As God's Word, the Bible stands as final authority for faith and practice. What it says clashes with the world system and with man's depravity, so it will always be under attack by that system and by men. The more scripture has grown and will grow out of fashion with the culture, the more have denied and will deny its inerrancy. When I hear the term inerrancy, I think "without errors." I wish that was the definition. However, inerrancy itself, as most theologians understand it, does not mean "without errors," but "total truthfulness." Where the Bible speaks in matters of science and history, it is true, something like that. If you are going to believe the Bible to be totally truthful, you have some accounts therein that require faith to accept. They are statements beyond human explanation. If you believe in inerrancy, you accept all of those, as all the others, as totally truthful.
A few weeks ago, Albert Mohler, president of Southern Baptist Theological Seminary, reaffirmed and stood by the above definition of inerrancy, saying that there was no middle ground. You either believe it all or you don't believe it at all. But why do you believe it all? Some of it doesn't make sense. It clashes with what scientists say and what historians say. For instance, William Lane Craig (the youtube video is now gone, but the transcript is here) says that a vast, vast majority of New Testament scholars would regard Matthew's guard-at-the-tomb story as unhistorical. What authority does the Bible have when we can pick and choose what's true and what's not?
You exercise faith on many, many parts of the Bible. Some of it is beyond human comprehension. When you believe in inerrancy, you take it all as authoritative, even the hard parts, that have not had and may never have scientific or historical backing. Where it speaks, you say it is in fact science and it is as well history, even if you can't prove it with science and history. Maybe you can prove it with science and history and even most of it, but even if you could not, you would still believe it. It is true. It is authoritative. With inerrancy as a presupposition, I see every event, every statement, and every passage as scientific and historic. I think there is proof for it.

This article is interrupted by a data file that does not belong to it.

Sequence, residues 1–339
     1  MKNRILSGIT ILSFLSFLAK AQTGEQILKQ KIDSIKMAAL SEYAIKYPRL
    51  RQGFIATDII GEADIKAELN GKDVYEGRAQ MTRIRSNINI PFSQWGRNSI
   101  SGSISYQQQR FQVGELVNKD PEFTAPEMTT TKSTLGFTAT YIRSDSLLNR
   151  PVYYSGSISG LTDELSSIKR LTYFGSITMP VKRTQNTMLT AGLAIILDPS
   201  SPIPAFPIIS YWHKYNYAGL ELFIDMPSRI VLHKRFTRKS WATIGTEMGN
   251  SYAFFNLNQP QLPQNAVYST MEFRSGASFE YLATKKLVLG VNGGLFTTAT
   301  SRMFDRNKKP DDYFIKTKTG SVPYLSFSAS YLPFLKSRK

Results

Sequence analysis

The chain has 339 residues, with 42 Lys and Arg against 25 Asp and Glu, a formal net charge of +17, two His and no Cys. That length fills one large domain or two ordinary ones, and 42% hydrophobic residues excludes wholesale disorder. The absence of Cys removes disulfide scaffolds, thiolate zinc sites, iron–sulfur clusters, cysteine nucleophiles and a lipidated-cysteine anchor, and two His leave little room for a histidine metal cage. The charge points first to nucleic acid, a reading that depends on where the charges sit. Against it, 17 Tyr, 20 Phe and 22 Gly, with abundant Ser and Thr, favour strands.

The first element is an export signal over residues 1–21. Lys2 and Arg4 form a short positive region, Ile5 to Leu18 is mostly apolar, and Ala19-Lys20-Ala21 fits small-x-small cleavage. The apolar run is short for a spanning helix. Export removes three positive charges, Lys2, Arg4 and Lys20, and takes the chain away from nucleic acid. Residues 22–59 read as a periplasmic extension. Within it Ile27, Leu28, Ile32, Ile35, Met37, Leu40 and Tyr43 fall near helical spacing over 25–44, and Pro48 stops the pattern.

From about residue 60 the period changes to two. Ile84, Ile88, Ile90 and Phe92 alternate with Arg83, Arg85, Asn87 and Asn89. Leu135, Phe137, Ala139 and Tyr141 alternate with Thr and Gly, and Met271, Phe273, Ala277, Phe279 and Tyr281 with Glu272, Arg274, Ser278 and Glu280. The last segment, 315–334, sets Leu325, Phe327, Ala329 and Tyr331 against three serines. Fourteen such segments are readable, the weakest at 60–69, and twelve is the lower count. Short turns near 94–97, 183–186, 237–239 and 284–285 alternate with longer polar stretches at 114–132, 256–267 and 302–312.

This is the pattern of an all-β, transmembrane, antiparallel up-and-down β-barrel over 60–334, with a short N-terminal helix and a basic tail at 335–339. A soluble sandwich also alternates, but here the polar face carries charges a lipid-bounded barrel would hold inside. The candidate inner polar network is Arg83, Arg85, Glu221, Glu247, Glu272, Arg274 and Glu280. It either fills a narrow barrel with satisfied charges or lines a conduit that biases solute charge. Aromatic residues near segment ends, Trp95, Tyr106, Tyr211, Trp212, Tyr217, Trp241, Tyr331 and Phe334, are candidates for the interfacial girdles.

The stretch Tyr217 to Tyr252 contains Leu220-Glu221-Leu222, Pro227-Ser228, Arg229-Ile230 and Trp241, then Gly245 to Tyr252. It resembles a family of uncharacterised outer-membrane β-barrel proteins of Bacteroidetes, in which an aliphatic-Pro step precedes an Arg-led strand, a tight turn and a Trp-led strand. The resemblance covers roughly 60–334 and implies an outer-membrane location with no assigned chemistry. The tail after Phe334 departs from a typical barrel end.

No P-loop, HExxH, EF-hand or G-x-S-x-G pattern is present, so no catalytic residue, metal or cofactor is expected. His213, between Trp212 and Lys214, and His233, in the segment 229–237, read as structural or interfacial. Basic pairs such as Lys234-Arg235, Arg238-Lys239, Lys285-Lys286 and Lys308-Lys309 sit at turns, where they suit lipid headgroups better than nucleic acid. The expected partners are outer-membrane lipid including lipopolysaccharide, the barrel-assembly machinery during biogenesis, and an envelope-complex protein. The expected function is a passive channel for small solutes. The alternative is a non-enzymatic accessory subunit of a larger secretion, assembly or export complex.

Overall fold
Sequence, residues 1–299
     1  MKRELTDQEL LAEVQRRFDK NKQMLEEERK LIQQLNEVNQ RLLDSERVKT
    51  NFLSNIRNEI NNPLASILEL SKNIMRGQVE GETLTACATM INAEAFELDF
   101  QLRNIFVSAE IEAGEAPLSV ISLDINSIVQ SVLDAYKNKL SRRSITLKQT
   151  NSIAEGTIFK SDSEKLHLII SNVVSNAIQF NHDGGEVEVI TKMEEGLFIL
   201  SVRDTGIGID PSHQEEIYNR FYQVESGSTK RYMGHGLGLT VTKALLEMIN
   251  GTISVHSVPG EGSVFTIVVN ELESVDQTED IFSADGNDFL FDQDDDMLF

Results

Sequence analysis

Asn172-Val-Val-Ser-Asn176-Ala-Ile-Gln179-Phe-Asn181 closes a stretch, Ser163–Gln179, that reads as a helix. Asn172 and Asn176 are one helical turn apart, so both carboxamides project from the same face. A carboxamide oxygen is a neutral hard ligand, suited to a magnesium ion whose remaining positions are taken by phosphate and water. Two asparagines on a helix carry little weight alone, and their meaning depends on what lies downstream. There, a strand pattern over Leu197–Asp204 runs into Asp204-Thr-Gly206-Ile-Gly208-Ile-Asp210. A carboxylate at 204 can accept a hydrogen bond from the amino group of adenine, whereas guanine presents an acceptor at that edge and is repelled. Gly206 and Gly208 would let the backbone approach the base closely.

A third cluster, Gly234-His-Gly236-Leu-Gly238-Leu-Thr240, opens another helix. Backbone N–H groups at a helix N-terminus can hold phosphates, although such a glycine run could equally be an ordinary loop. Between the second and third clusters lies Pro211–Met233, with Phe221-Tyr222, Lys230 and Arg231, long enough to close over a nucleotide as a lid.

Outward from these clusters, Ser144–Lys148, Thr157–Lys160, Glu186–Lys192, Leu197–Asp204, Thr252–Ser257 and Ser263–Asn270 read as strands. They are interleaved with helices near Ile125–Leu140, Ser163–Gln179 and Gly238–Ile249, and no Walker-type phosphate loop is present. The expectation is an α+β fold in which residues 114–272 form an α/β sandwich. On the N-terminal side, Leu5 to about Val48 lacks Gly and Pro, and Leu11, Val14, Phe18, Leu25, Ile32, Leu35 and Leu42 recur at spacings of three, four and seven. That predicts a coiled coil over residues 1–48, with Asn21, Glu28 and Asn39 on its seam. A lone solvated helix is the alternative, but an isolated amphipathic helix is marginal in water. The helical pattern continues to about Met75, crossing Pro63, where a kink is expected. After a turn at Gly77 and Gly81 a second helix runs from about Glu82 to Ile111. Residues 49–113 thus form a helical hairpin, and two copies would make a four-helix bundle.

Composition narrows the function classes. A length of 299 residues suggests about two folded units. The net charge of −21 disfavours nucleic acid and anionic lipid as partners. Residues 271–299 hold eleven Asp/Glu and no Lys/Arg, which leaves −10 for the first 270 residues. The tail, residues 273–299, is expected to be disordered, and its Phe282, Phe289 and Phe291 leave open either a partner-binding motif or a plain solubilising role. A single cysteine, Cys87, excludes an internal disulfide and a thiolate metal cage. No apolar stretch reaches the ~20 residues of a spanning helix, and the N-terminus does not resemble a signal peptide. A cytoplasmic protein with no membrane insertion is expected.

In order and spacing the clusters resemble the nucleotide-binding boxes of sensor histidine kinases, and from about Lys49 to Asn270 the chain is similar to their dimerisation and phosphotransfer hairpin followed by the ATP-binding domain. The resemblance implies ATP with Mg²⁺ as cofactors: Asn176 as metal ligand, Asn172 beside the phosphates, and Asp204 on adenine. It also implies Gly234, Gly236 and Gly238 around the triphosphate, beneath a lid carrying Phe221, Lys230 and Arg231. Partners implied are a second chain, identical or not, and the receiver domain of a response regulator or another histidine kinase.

If the Bible says the truth about everything, then it also tells the truth about its own preservation. Inerrancy and preservation also dovetail with one another. If God didn't preserve the Bible, then that effects its inerrancy. If it isn't inerrant, then you've got errors anyway, and it can't be trusted. We should not relinquish the safety of inerrancy or perfect preservation. To believe either, we're trusting God. Both are historical positions. Inerrancy is attacked by historical criticism and perfect preservation is attacked by textual criticism. Both are the criticism of so-called science.
If Mohler were to be consistent, he would see the similarity of both inerrancy and perfection preservation. He would see the necessity of both. If the Bible is truthful, then it is perfectly preserved, because it says that it will be. If it isn't preserved, then the Bible isn't truthful, or it isn't inerrant. If God didn't preserve it perfectly, how are we to believe its inerrancy?
We have a safe place not just in inerrancy of scripture, but also in its perfect preservation.